• Evolution of cyber insurance marketplace: As cyber attacks grow and evolve, so too does this particular segment of the insurance marketplace.
  • And everything is at risk: The FFIEC warns that nearly every aspect of a financial institution can be harmed by cyber attacks: its financial footing, operational status, legal posture, compliance adherence, strategic plan, and reputation.

First-party Coverage Versus Third-party Coverage

The FFIEC notes that cyber insurance can be structure multiple ways, from a stand-alone policy to a specific cybersecurity endorsement added to an existing policy. It also explains the difference between first-party and third-party coverage:

  • First-party coverage: “Insures direct expenses incurred by the insured party and may address costs related to customer notification, event management, business interruption, and cyber extortions” (i.e., ransomware attacks).
  • Third-party coverage: “Protects against the claims made by financial institutions’ customers, partners, or vendors as a result of cyber incidents at financial institutions.”

Analyzing the Need for Cyber Insurance

For institutions trying to determine whether or not they need cyber insurance, the FFIEC recommends the following actions:

  • Ensure all key parties are involved in the decision-making process: This includes representatives–with expertise and authority–from legal, risk management, finance, information technology, and information security.
  • Conduct appropriate due diligence: This covers both internal due diligence (i.e., compare what you currently have with what you need to fill any insurance gaps) and external due diligence (i.e., examine and analyze possible cyber insurance vendors as you would other third-party vendors).
  • Review cyber insurance needs periodically: The FFIEC recommends including cyber insurance in your annual insurance review and budgeting process.

The Final Word

The FFIEC makes it clear that while cyber insurance can help protect financial institutions, it does not relieve them of their information security obligations. “Purchasing cyber insurance does not remove the need for a sound control environment,” which “may be a component of a broader risk management strategy.”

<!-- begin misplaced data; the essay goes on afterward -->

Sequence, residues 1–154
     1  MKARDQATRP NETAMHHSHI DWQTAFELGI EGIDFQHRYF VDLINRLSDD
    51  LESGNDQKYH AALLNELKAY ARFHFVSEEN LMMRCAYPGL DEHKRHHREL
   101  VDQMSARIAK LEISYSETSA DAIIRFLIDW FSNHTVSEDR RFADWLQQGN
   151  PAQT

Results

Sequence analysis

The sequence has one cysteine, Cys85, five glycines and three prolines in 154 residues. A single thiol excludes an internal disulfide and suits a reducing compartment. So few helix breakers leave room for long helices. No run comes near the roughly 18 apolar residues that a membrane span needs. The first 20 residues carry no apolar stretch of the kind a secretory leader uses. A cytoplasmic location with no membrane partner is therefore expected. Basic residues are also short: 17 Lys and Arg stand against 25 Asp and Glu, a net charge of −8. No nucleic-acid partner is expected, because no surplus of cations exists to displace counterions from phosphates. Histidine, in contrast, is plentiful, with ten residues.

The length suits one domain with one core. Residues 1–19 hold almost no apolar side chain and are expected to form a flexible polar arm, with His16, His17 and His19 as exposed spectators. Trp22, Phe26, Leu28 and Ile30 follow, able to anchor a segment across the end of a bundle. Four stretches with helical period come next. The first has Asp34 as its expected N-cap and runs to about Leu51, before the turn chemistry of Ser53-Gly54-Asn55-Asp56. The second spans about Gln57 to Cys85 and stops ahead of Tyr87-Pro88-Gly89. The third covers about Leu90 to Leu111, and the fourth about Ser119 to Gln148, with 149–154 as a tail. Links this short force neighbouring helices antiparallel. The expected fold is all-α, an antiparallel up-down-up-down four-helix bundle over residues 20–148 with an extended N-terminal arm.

Inside the CFPB Semi-annual Report: Enforcement Actions

cfpb_seal_blog_270x270.originalThe CFPB’s most recent Semi-annual Report detailed the enforcement actions it was involved in from October 1, 2016 through September 30, 2017. Although, the current CFPB leadership under Acting Director Mick Mulvaney is very different from that of former Director Richard Cordray, whose tenure includes the period above, an examination of these enforcement actions can still provide valuable insight about the CFPB to financial institutions and their risk and compliance management.

Length, Status of CFPB Enforcement Action Proceedings

Of the 54 enforcement action proceedings summarized in its April 2, 2018 Semi-annual Report, the majority (27) were originated by the CFPB in 2017. Another 20 were leftover from work begun in 2016 (12) and 2015 (8). Seven total actions lingered from 2014 (4), 2013 (2), and 2012 (1).

In 31 of the 54 actions, the result was an Order and/or Final Judgement against the defendant(s), while 20 cases are still pending and three were dismissed.

Make-up of Defendants in CFPB Enforcement Actions

The majority of actions described by the CFPB involve traditional financial institutions, however, other less traditional financial institutions (as per the USA PATRIOT Act) as well as other types of entities were caught up by the CFPB’s broad reach. These include debt relief firms (2), debt collectors (2), payday lenders (5), title companies (2), lead aggregators (2), laws firms (5), credit reporting agencies (3), and pawn brokers (3).

Alleged Violations in CFPB Enforcement Actions

Overwhelmingly, the enforcement actions, either specifically (11) or generally (30), described alleged violations of Unfair, Deceptive and Abusive Acts or Practices (UDAAP) as per the Consumer Financial Protection Act (CFPA). At least under Cordray, UDAAP was clearly a go-to violation for the CFPB, as its broad definitions provide the Bureau with signficant leeway. Only time will tell if the CFPB under Mulvaney continues this trend.

Other allegations include, but were not limited to, violations of the Real Estate Settlement Procedures Act (RESPA) (4), the Home Mortgage Disclosure Act (HMDA) (1), the Electronic Funds Transfer Act (EFTA) and Regulation E (3), and the Financial Credit Reporting Act (FCRA) (3).

CMPs and Other Fines in CFPB Enforcement Actions

Perhaps the most telling statistics in regard to the CFPB’s enforcement actions are the monetary ones.

  • The CFPB meted out 37 civil money penalties (CMPs) totalling $117.85 million.
  • The largest CMP was $40 million, followed by a $20 million CMP.
  • Out of the 37 CMPs, 16 were over $1 million.
  • The CFPB ordered defendants to pay restitution/redress/refunds/compensation to victims in the total amount of $279.65 million.
  • The largest redress demand was $107 million, followed by $95 million.
  • One defendant had to forgive or reduce loan amounts totaling $183.3 million.
  • The CFPB ordered disgorgement, the repayment of ill-gotten gains, in the amount of $1.35 million.

This concludes Bank Risk and Compliance Writer’s inside look at the CFPB’s Semi-Annual Report, which also included explanations of the CFPB’s upcoming proposed rules and its upcoming final rules.

 

 

Inside CFPB Semi-annual Report: Final Rules Expected

This week Bank Risk and Compliance Writer has been analyzing the CFPB’s Semi-annual Report, which was published on April 2. Monday’s post discussed the CFPB Acting Director’s call for remodeling the Bureau, which includes changing how it is funded and its level of independence. Tuesday’s post covered the CFPB’s plans for upcoming proposed rules, which leads us to today’s post–Final Rules Expected from the CFPB.